Choosing a LAN-based Imaging System for the Small Office Environment
Articles and Tips: article
Novell Systems Research
01 Aug 1996
Finding the right LAN-based imaging system may seem over-whelming for many Small Office/Home Office (SOHO) owners. To help in the decision-making process and extend the applicability of our imaging studies to small businesses, this AppNote condenses many of the considerations we have found helpful when implementing an imaging system, tailoring the discussion for the small business environment. It describes the types of imaging systems that are available, features to look for based on particular needs, capacity analysis, and other important issues that should be addressed.
Over the past few years, we have focused most of our imaging studies around the demands of large businesses. But ever-growing numbers of Small Office/Home Office (SOHO) users are now taking an interest in imaging. Imaging systems are no longer seen solely as a solution for large enterprises, but rather as an organizational tool for any size business. Part of the reason is that, unlike other business solutions, imaging systems are ideally suited for both the standalone environment and the neworked environment. With the large installed base of NetWare that exists in the SOHO segment of the industry, it seems reasonable for small businesses to consider implementing a networked imaging system.
However, finding the right LAN-based imaging system may seem overwhelming for many SOHO owners, many of whom lack networking expertise. To help in the decision-making process and extend the applicability of our imaging studies to small businesses, this AppNote condenses many of the considerations we have found helpful when implementing an imaging system, tailoring the discussion for the small business environment. It describes the types of imaging systems that are available, features to look for based on particular needs, capacity analysis, and other important issues that should be addressed.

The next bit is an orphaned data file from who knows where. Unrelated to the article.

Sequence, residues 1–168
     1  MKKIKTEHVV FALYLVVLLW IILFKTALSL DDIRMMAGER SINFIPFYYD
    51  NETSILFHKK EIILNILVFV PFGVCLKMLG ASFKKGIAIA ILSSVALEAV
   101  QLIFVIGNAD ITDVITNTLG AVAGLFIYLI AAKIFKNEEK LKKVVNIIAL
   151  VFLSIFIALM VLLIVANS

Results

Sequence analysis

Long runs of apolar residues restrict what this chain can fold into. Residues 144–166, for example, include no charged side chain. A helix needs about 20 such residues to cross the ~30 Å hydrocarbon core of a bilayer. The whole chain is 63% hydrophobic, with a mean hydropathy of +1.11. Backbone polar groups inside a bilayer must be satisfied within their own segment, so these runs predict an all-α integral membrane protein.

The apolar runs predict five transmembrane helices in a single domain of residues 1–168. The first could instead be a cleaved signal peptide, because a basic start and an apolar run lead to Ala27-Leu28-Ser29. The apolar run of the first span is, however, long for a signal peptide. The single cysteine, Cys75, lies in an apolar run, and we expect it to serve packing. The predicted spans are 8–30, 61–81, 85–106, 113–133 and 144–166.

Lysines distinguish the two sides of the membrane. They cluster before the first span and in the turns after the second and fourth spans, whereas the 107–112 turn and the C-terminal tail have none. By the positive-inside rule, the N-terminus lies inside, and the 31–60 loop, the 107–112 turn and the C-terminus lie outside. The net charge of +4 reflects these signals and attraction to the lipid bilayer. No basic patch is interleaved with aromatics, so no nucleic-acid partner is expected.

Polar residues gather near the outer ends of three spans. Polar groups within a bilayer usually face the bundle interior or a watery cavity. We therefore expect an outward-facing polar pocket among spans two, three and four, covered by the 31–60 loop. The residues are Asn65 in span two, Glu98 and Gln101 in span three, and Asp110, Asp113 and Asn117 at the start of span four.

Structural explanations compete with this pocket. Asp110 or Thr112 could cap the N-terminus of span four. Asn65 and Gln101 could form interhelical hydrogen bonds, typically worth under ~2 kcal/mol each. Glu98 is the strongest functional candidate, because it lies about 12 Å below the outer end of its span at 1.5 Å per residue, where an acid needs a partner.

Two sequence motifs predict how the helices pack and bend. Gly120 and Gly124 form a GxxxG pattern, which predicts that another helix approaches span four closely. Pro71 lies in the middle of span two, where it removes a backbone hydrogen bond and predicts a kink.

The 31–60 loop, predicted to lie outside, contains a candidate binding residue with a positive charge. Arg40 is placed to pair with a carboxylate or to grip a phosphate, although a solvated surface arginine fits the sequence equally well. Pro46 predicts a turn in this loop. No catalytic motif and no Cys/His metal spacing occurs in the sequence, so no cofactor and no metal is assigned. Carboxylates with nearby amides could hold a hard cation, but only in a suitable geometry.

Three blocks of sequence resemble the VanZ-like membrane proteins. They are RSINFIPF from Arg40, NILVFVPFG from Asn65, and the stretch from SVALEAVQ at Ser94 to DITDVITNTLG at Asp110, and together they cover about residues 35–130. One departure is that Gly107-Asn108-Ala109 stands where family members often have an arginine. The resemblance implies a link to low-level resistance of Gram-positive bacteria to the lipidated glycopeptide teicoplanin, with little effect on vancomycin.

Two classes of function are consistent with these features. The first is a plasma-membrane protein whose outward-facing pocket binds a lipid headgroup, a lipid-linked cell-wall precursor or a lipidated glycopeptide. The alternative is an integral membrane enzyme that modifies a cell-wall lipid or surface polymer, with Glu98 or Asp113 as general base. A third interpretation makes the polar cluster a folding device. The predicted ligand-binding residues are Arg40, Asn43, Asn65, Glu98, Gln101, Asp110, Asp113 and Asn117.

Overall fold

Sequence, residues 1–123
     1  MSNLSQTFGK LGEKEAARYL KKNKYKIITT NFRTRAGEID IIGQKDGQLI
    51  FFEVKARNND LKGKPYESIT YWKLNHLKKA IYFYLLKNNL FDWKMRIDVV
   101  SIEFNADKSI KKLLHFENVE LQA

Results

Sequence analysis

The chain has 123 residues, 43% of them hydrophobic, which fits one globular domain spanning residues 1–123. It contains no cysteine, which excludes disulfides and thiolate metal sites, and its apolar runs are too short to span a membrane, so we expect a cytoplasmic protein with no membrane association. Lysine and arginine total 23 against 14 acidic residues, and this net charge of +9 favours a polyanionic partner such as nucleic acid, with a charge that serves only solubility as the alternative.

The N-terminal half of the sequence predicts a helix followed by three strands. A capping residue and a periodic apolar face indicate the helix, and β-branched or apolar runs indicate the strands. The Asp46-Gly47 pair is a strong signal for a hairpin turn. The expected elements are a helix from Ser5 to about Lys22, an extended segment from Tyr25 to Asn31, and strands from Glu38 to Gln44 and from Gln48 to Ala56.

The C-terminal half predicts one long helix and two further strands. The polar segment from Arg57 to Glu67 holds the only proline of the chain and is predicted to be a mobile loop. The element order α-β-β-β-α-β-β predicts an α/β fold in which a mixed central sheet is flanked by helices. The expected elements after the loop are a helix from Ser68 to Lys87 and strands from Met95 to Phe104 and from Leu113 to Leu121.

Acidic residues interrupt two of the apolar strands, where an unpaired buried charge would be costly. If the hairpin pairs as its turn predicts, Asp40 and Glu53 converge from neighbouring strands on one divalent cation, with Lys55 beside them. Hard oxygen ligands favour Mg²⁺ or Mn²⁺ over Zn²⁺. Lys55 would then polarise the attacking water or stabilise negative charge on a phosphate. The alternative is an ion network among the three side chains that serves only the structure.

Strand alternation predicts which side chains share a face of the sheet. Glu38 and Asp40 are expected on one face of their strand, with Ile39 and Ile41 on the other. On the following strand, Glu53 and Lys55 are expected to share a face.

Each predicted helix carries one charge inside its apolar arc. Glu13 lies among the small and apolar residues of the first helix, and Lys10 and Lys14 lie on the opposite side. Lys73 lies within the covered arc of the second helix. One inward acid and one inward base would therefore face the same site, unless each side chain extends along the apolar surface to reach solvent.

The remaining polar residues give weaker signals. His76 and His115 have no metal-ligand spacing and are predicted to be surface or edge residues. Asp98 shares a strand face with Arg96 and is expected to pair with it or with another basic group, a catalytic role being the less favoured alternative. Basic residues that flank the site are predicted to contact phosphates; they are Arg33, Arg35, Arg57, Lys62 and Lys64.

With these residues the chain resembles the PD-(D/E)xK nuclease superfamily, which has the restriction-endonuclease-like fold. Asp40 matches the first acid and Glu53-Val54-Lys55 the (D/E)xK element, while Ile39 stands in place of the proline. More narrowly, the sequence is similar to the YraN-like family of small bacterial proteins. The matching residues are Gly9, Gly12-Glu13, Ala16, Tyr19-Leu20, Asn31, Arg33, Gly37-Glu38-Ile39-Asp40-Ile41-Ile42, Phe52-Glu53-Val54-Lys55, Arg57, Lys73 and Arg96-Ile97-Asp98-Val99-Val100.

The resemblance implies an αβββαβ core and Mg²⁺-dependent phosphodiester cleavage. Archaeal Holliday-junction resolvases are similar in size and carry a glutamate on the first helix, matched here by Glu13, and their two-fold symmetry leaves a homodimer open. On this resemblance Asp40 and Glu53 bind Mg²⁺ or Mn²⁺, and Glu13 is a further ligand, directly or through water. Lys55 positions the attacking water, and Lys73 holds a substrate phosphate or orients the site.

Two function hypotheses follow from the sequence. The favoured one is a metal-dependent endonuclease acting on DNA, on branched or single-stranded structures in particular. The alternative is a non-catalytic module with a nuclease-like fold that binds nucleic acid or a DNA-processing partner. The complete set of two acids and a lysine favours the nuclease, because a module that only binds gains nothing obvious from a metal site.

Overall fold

The primary focus of this AppNote is to point out different imaging systems and standards to help SOHO owners choose the best imaging system for their particular needs. Because every business has unique needs, we can only provide general guidelines concerning the choice of an imaging system. Hopefully this information will allow you to ascertain which imaging system best suits your needs by examining advantages, disadvantages and specific issues with the implementation of a new system.
Imaging Meets Small Business
Technological growth, along with small business demands for efficient document management tools, have created a great synergy in the imaging industry. Imaging systems are no longer built with a direct focus on large industrial firms, but are being customized for small businesses. This recent trend has opened several doors for both hardware- and software-based implementations in a networked environment. Whereas in the past most imaging systems were relatively expensive (due to high costs for hardware and software to execute basic image retrievals), today several commercial off-the-shelf imaging solutions are available that perform more efficiently and more effectively than ever.
Although imaging technology has evolved to such heights, nearly 80 percent of all business documents in a SOHO environment remain in paper format. The reason is clear: the potential benefits to be gained from implementing an imaging system are directly proportional to the efficiency of the imaging system deployed. An ill-conceived imaging system can be disastrous in terms of unmet expectations and user frustration, whereas a well-designed, efficient solution will more than pay for itself in streamlining business processes.
Factors that influence a product's efficiency include:
The implementer's understanding of current and future technology
Inertia (how much has already been invested in the existing hardware and software)
Acceptability of new technologies
Costs for training
Payback or return on investment
Technical support and management
We'll discuss many of these factors as we go along in this AppNote.